Iotti was the first woman to assume the role in 1979, and over 13 years of service the “Zarina” or “lady of the Republic”, was noted as one of the most prominent figures in Italian politics during the 1900s.

As highlighted by historian Agostino Giovagnoli, the respected politician was far from being a “monumento della Prima Repubblica” (monument of the First Republic), but rather a figure of continuing relevance.

Iotti was a compliant president, and not an “obstructionist” to the government, with a political vision that was always faithful to the Constitution (to which she contributed greatly).

But at the same time, Iotti was able to see its limits, and she was always at the forefront in promoting constitutional reforms.

Born in Reggio Emilia on April 10, 1920, and growing up among a modest antifascist family, Nilde received a scholarship to the Catholic University of Milan, where she graduated with a degree in literature before becoming a teacher, a position she held until 1946.

During World War II, when she was barely 20 years old, Iotti took part in the Communist Party among the 35,000 women that participated in the resistance movement, making up the Women’s Groups for Defence.

Iotti’s local commitment gained her popularity, and she was elected as an independent candidate in the Communist Party of her city.

Then on June 2, 1946, along with 20 other women, Iotti was elected as a member of the Italian Constituent Assembly.

Iotti was also one of the 75 members who took part in drafting the Italian Republic Constitution, and during those years she embarked on what would become a lifelong battle: the emancipation of women.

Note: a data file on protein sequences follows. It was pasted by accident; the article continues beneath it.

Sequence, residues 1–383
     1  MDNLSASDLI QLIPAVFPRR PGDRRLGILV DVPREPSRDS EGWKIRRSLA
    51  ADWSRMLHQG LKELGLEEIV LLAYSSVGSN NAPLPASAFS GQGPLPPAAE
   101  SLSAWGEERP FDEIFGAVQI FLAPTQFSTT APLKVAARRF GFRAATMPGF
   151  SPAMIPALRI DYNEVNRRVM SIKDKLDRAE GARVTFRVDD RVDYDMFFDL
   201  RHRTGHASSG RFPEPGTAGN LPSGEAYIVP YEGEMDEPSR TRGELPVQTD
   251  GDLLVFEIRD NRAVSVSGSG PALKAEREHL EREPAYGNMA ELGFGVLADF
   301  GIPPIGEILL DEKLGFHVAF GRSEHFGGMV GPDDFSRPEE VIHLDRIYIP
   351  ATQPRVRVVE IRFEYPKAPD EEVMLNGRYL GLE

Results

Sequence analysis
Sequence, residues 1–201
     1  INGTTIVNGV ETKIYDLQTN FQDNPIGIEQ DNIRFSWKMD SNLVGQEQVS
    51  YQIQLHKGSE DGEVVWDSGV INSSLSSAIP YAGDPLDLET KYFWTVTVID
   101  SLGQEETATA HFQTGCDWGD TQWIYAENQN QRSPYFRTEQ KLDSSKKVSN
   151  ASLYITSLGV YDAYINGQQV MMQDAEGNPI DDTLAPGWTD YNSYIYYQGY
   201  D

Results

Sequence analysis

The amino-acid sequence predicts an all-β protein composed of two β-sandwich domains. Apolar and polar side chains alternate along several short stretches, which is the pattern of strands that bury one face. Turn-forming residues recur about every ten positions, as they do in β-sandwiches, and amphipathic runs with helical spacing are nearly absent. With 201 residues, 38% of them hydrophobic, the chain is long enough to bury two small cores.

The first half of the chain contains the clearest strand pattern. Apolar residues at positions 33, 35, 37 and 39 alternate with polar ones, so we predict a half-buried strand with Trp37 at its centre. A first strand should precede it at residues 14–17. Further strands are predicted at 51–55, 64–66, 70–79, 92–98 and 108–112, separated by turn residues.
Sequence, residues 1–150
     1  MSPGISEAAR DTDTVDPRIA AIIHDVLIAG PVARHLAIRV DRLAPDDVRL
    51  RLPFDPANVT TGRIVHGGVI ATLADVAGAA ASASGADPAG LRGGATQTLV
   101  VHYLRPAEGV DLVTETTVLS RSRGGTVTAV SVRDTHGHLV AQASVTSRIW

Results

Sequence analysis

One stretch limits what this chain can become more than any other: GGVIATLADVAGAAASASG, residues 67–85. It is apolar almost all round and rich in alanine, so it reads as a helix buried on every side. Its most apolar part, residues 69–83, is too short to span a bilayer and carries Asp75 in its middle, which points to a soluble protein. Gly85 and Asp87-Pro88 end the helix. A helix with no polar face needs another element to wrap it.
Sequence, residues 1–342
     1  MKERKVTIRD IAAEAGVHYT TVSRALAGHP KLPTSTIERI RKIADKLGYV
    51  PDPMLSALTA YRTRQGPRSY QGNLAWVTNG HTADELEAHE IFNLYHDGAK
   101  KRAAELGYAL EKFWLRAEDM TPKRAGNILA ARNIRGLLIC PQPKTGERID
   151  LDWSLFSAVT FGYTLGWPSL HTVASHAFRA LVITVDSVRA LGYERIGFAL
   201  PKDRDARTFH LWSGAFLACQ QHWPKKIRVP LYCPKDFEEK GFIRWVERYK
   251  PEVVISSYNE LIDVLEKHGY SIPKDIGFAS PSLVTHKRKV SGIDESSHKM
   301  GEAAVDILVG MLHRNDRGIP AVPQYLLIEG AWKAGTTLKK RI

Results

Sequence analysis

In her report on the family submitted to the first sub-commission of the Assembly, Iotti clearly expressed the importance of equality and the rise of every woman “dalle condizioni di arretratezza e di inferiorità in tutti i campi della vita sociale, e restituita ad una posizione giuridica tale da non menomare la sua personalità e la sua dignità di donna e di cittadina” (from the conditions of backwardness and inferiority in all areas of social life, and returned to a legal position that does not impair her personality and her dignity as a woman and as a citizen).

Iotti’s interest in the “rejuvenation” of the concept of family through the recognition of the rights of children born out of wedlock, the legal equality of spouses, community of property, the abolition of dowries and parental rights, and later divorce, also had a certain relevance to her personal life.

Until 1964, Iotti was in a relationship with the national secretary of the Italian Communist Party (PCI), Palmiro Togliatti, who was 27 years her senior and already married.

The relationship was poorly received by the party, which was conservative at the time, and partly halted the takeoff of Iotti’s political career, who was then a prominent leader of the PCI and a board member since 1962.

On June 20, 1979, after 10 years in the European Parliament, Iotti became the first woman to hold the highest position at Montecitorio, seat of the Italian Chamber of Deputies.

“Un riconoscimento della lunga battaglia di milioni di donne da un secolo” (A recognition of the long battle of thousands of women over a century).

These were the words declared by Iotti in an emotional speech following her assignment to the position.

During a speech that year, Iotti supported several necessary institutional reforms, which became of the highest relevance decades later, in this year’s referendum: the abolition of “perfect bicameralism” and a reduction in the number of parliamentarians.

Iotti retained her position for 13 years, the longest term in the history of the Italian Republic, and went on to remain in Parliament until November 18, 1999, when she resigned for health reasons.

Nilde Iotti died just weeks after her resignation, and was mourned by the Italian Republic which she played a large part in creating.